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River

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Confluence

Confluence of two small upper course streams

A river is a natural waterway that transports water through a landscape from higher to lower elevations. A river is a component of the water cycle. The water within a river is generally collected from precipitation through surface runoff, groundwater.


River TerminologyEdit

  • Source --> The start of a river
  • Confluence --> Where two rivers meet
  • Tributary --> One river that flows into another
  • Drainage basin --> Catchment area which drains into one river system
  • Mouth --> where a river ends (usually a sea or an ocean)


River processesEdit

Rivers, just like coasts erode, transport and deposit.

See main article River processes

Interlocking spus

Interlocking spurs

River landformsEdit

See main article River landforms

The sections of a river's journeyEdit

There are three main sections of a river's course from source to sea:

Upper courseEdit

This has the most GPE and virutally no KE. What is more, the Wetted Perimeter is fairly large because there are lots of rocks in the river at this point. There is lateral erosion as the water is attempting to reach its base level (sea level), thus forming a v-shaped valley floor. The water transports material; large angular boulders downstream.


Middle courseEdit

the middle course of a river

Vianden lake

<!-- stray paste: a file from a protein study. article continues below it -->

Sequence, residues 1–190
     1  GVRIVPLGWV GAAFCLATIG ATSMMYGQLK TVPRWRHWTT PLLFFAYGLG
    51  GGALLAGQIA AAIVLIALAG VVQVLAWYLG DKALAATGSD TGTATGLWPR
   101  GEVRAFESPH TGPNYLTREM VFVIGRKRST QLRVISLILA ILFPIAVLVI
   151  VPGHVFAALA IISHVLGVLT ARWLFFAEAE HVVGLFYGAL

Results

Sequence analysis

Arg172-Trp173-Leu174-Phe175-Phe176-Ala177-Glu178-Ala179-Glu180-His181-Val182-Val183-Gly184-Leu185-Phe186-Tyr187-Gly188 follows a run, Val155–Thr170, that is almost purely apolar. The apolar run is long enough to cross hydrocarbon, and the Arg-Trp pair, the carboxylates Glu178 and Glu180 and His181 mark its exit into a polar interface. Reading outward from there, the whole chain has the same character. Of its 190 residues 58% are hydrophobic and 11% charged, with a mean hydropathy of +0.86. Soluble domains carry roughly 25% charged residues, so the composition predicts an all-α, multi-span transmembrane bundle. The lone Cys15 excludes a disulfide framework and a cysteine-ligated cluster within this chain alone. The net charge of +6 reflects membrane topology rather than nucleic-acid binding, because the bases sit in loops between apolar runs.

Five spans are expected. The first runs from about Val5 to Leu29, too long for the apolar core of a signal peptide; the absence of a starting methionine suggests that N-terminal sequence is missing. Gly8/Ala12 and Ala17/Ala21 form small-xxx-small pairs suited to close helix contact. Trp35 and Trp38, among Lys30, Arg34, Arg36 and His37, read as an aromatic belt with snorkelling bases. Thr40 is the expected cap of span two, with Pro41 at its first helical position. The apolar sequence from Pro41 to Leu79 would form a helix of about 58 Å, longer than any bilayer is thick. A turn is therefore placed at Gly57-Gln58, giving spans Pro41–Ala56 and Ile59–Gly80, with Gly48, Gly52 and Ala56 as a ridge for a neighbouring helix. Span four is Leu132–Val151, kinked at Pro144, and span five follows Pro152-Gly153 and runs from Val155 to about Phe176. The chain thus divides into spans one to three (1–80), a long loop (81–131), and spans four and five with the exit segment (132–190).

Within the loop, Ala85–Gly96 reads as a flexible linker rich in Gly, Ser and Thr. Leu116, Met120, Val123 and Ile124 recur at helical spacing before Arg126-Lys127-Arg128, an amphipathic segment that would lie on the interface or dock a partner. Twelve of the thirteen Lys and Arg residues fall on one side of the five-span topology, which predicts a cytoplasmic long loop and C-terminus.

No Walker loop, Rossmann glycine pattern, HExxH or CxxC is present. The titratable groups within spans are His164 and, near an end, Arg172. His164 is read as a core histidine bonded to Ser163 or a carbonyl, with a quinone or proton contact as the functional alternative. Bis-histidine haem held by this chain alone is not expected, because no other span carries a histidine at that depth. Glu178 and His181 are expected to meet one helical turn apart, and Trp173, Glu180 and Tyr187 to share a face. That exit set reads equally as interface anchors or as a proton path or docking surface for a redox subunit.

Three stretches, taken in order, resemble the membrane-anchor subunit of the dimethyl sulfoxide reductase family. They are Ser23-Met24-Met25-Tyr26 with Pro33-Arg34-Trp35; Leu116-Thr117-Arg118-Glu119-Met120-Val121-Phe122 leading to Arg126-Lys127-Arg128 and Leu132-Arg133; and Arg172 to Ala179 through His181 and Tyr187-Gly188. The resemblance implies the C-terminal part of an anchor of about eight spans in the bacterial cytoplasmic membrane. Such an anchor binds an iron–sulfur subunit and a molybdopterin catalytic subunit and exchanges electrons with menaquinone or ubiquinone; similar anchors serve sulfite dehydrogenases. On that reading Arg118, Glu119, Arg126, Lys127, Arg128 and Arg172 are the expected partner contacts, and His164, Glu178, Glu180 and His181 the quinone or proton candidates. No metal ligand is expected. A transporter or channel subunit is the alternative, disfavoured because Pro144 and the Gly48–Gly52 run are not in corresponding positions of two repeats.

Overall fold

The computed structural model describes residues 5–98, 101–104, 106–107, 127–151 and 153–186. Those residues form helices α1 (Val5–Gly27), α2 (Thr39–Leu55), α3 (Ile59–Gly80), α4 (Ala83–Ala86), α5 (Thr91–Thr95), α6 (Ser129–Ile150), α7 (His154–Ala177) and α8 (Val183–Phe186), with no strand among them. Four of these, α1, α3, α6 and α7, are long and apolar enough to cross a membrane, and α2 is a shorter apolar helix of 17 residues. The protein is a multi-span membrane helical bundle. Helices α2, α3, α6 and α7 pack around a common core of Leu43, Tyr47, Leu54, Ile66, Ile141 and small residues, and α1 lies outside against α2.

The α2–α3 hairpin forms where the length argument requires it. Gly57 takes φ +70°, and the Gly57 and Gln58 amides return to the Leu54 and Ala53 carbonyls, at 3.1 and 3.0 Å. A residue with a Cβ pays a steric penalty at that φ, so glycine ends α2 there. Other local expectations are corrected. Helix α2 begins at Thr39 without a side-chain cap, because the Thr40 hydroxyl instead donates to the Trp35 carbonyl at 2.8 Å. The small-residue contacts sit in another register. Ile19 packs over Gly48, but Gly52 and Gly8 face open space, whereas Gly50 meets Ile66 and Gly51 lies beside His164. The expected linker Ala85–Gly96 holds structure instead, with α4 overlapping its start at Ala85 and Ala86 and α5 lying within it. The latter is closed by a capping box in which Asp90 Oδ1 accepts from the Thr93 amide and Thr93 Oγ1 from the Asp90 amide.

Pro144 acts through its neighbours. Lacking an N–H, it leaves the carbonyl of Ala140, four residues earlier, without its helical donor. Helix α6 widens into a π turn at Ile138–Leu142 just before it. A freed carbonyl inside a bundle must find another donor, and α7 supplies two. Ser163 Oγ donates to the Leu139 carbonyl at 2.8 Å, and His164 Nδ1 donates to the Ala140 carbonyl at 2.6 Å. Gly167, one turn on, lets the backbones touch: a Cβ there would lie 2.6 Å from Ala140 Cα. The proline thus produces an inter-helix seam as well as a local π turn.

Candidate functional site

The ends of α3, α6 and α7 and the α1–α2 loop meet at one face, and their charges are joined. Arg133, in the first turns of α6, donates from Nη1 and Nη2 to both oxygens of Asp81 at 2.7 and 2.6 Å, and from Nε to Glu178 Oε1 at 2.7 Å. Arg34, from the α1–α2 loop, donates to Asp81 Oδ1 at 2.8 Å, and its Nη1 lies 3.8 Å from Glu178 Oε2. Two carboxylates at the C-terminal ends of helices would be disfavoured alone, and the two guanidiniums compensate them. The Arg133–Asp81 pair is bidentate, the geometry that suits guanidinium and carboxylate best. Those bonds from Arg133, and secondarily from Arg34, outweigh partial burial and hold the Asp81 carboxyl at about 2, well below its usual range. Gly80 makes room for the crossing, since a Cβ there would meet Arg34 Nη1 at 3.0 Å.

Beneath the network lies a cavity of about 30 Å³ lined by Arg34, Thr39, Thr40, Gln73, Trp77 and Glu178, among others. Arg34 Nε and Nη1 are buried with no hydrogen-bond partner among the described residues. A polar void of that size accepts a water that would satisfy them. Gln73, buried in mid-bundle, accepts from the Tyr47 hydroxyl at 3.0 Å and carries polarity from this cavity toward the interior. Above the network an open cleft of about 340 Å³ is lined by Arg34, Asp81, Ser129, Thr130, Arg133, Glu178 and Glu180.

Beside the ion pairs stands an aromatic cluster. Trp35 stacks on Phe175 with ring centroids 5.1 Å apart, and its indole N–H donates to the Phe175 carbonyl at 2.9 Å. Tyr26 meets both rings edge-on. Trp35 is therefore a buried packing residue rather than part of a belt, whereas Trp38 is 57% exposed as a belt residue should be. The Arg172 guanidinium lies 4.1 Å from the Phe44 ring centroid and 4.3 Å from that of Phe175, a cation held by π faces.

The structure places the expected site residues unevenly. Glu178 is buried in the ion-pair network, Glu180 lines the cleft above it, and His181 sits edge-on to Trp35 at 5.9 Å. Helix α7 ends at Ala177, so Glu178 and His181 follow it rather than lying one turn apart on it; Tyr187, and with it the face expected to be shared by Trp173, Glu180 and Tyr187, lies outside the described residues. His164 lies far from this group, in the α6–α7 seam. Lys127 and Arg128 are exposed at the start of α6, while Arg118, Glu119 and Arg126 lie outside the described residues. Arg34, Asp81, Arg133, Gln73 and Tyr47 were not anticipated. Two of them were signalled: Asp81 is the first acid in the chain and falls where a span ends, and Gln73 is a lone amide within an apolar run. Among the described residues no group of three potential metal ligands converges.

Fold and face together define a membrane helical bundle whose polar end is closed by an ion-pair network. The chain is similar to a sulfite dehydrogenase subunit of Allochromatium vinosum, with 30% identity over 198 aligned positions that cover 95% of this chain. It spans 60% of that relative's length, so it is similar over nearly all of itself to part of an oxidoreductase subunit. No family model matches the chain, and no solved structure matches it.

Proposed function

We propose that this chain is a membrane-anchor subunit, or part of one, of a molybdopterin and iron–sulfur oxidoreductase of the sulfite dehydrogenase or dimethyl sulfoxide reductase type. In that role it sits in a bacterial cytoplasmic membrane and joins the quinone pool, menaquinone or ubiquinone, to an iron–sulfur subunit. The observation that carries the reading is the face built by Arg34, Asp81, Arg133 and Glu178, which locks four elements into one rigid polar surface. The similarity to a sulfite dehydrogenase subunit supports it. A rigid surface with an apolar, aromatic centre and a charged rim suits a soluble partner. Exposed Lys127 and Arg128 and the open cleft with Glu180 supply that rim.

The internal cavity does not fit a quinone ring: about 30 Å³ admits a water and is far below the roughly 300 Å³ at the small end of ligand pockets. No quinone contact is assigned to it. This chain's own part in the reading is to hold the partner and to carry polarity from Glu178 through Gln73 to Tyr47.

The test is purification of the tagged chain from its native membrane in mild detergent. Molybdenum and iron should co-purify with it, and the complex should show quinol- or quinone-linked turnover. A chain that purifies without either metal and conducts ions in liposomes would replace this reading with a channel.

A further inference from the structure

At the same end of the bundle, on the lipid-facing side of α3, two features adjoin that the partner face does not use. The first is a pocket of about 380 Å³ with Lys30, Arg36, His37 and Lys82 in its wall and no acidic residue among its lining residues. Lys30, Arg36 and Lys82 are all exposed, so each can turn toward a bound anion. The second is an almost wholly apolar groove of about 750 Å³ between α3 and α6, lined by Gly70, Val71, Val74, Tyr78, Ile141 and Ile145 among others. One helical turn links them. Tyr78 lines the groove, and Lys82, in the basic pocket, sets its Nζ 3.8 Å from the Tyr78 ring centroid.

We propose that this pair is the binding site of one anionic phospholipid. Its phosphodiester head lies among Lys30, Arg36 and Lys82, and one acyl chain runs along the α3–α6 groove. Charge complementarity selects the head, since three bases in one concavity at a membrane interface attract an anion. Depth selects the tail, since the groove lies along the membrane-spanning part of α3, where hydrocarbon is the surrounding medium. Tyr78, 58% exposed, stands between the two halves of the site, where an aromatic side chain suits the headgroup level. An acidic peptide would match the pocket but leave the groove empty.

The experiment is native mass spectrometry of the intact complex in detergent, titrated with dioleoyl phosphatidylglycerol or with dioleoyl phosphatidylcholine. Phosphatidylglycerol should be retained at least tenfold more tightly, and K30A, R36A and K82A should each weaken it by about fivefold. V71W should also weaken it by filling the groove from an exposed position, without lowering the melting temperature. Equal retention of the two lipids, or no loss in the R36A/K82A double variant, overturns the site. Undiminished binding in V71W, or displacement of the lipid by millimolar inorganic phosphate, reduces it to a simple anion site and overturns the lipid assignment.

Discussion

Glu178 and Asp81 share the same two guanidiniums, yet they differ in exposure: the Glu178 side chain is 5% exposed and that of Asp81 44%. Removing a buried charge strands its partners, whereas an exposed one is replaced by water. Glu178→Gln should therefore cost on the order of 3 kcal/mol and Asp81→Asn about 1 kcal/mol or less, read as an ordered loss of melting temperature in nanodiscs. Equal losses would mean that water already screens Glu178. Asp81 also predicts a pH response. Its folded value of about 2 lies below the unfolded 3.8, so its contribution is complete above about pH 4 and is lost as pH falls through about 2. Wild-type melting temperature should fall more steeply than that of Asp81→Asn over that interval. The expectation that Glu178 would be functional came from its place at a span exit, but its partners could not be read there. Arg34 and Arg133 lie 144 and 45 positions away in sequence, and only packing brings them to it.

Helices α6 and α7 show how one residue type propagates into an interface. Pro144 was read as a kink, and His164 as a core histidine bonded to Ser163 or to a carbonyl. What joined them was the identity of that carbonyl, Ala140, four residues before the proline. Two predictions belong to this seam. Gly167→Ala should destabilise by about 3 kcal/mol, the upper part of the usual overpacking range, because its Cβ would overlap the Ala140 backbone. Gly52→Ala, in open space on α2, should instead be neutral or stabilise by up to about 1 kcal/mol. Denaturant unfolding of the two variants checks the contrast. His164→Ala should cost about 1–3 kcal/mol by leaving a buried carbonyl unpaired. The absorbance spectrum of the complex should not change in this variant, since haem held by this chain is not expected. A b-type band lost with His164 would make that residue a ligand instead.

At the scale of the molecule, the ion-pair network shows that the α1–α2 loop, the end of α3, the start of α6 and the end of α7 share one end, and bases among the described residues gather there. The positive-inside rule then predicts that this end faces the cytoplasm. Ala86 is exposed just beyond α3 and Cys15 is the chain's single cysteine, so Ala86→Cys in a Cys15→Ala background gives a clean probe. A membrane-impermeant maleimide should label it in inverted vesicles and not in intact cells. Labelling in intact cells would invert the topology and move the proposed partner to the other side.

Lower courseEdit

In the lower course, the river has a high volume and a large discharge. The river channel is now deep and wide and the landscape around it is flat. However, as a river reaches the end of its journey, energy levels are low and deposition takes place. The river now has a wide floodplain. A floodplain is the area around a river that is covered in times of flood. A floodplain is a very fertile area due to the rich alluvium deposited by floodwaters. This makes floodplains a good place for agriculture. A build up of alluvium on the banks of a river can create levees which raise the river bank. Deltas are found at the mouth of large rivers - for example, the Mississippi. A delta is formed when the river deposits its material faster than the sea can remove it. There are three main types of delta, named after the shape they create: arcuate - the land around the river mouth arches out into the sea, the river splits many times on the way to the sea, creating a fan effect. cuspate - the land around the mouth of the river juts out arrow-like into the sea. bird's foot - the river splits on the way to the sea, each part of the river juts out into the sea, rather like a bird's foot.

Land use along a riverEdit

Upper courseEdit

Middle/Lower courseEdit

River floodingEdit

Docklands

River Thames lower course: Canary Wharf, London Docklands

See main article River flooding eacht ln

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